____simple_html_dom__voku__html_wrapper____>As the Olympic torch was lit and the opening ceremony commenced, Gary Roberts’ job was only just beginning.Roberts, Dean Emeritus of the McKinney School of Law at IUPUI, was one of the lawyers selected to solve disputes at the 2014 Sochi Olympic Games. “What they wanted to do was have the ability to solve disputes quickly,” Antony Page, vice dean of the law school, said. “It’s really useful to have a body that can make these decisions quickly.” The moment a legal problem arises during the games, he said, Roberts and eight other lawyers resolve it within a matter of hours. He and the other lawyers have already settled disputes for the International Olympic Committee, Roberts said.Two skiers, one Argentinian and one Austrian, appealed to the court, saying they had been unfairly ruled ineligible to compete. In both cases, the lawyers found their ineligibility legitimate, and the athletes weren’t allowed to compete. Roberts said he is free to attend whichever events he wants as part of the “Olympic Family,” but he must always be available in case a problem arises that needs to be settled. When a report comes in, he works around the clock reading submissions, conducting hearings and meeting with other lawyers to reach a decision, he said. After that, he is free until the next case.The group of eight lawyers he’s part of is selected from the Court of Arbitration for Sport, a judicial body founded in 1994 to resolve legal disputes in professional athletics.“As the president of the Sochi CAS contingent said to me, we are the IOC’s insurance policy, to make sure that disputes and controversies have a mechanism for quick and fair resolution,” Roberts said in an email.In most IOC cases, there are two kinds of disputes: eligibility, such as questions regarding citizenship or drug testing, and rules of an event, including complaints about equipment or another party’s behavior, Page said. A recent example of the latter arose when the Russian team disputed the results of a cross-country skiing event, Page said. They came in fourth place. They claim a Norwegian skied out of his own path and won the bronze medal unfairly.Depending on the decisions of Roberts and the other lawyers, this could change the medal results of the event. Page said Roberts’ work away from IU isn’t going unnoticed.“We’re all really proud that he was chosen to go and make these decisions,” Page said. “It’s quite an honor and a recognition that he is one of the top sports lawyers in the world.” Follow reporter Alison Graham on Twitter @AlisonGraham218.
____simple_html_dom__voku__html_wrapper____>For artist Susie Gregory, attending IU basketball games, swimming in Lake Michigan and taking ballet classes are hallmarks of a Midwestern childhood.Gregory’s exhibit of new impressionist paintings, titled “From Ballet to Basketball,” focuses on childhood in Indiana and is reminiscent of her own past.The exhibit is on display at the Venue Fine Arts and Gifts as part of this month’s Bloomington Gallery Walk. The Venue Fine Arts and Gifts has been part of the gallery walks for about five years, curator Gabe Coleman said. Coleman and Gregory worked together last year on a painting about IU’s game against the University of Kentucky. After seeing her other work, Coleman invited Gregory to participate in this Saturday’s gallery walk.The first Bloomington Gallery Walk of 2014 was held Saturday in downtown Bloomington and featured eight different local art galleries. Each of the eight galleries showed a new exhibit, which was open it to the public from 5-8 p.m. with food and an open reception. “The Gallery Walk creates a stir and represents collaboration with art galleries and artists with the community,” Coleman said. “The goal is to provide fresh and exciting artwork for the Bloomington community.” By Hand Gallery, which has been part of the Bloomington community for more than 30 years, was a participant in Saturday’s gallery walk, which brought about 400 people out to downtown Bloomington. The gallery has also been part of the walks since they first started about four or five years ago, Halvorson said.By Hand Gallery exhibited the work of Jim Kemp, a potter who died toward the end of last year. The show commemorated Kemp’s life and work as an artist and celebrated his life, Halvorson said.Other galleries that participated include Blueline Creative Co-Op and Gallery, gallery 406, Ivy Tech John Waldron Arts Center, Pictura Gallery, Gallery Group and Royale Hair Parlor. Each venue exhibited fresh artwork ranging from etchings, banners, paintings, photography and ceramics. The next gallery walk is April 4 and will include new exhibits and artists from the Bloomington community. “It helps to get people out on a Friday night,” Jim Halvorson, By Hand Gallery partner, said. “It’s nice to get people wandering around downtown to explore the different galleries.”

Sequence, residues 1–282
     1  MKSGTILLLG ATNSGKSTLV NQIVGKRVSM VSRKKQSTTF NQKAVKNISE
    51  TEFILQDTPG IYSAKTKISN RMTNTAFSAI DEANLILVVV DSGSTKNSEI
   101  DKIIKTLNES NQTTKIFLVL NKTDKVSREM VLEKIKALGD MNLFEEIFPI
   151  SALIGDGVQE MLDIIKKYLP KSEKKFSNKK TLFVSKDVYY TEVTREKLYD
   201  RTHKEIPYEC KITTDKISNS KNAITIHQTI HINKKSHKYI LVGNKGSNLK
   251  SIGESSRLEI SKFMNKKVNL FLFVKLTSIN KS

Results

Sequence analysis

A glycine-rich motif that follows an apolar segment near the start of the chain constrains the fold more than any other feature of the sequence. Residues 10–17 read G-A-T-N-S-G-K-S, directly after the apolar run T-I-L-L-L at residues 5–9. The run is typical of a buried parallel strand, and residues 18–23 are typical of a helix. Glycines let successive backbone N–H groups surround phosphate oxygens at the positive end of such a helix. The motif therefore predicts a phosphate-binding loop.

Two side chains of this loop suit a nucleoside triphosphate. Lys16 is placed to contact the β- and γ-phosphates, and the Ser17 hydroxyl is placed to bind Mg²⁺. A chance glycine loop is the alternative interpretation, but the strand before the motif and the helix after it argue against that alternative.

____simple_html_dom__voku__html_wrapper____>Geoffrey Smith and John Bennett, caretakers of the William S. Burroughs collection at Ohio State University, presented a lecture Thursday at the Lilly Library.They explained their restorative work on Burroughs’ unpublished novel, “The Revised Boy Scout Manual.” The lecture was part of the campus-wide Burroughs Century celebration in honor of the writer’s would-be 100th birthday. Burroughs was a pioneer author of the Beat Generation, among famous writers like Jack Kerouac and Allen Ginsberg. The Beat Generation was a writing movement that affected cultural change on a national level by addressing social, political and economic issues.Smith and Bennett have compared a variety of documents, tapes and published sections of “The Revised Boy Scout Manual” to determine which is best to include in their finished version of the book. “We hope we’ve done a very careful scrutiny of the documents at hand,” Smith said. “What we hope to end up with is a work that brings together all of the different editions.” Each document differs from the others. Some have just a single word change, and other have entire sections that have been deleted. Smith and Bennett said they hope to create an online database that allows scholars to have access to the documents they reviewed and note their decisions on all of the inclusions. “The Revised Boy Scout Manual” follows Burroughs’ writing style and is rather sensational, Bennett said. One rumor as to why the book wasn’t published in the 1970s was that the original publisher was threatened by the Boy Scouts of America and had to eventually drop out, Bennett said. Bennett and Smith even foresee problems getting the work published when they finish their work later this summer. “It’s a terrorist document,” Smith said. Bennett said the interpretation depends on how a person looks at it. “You can read it as a terrorist manual or you can read it as comedy,” he said. The two said reading the documents felt eerie because some of the weapon techniques described were used in recent bombings like the Boston Marathon. Despite the content, Bennett and Smith hope a publisher will pick up the work because of the anticipation surrounding its release. Charles Cannon, co-organizer of the Burroughs Century celebration, said Burroughs will gain fans as more of his works are published.“His living legacy isn’t over yet,” Cannon said. “We have to push past the boundaries we are familiar and comfortable with and go into territory that makes us a little bit nervous.” Follow reporter Alison Graham on Twitter @AlisonGraham218.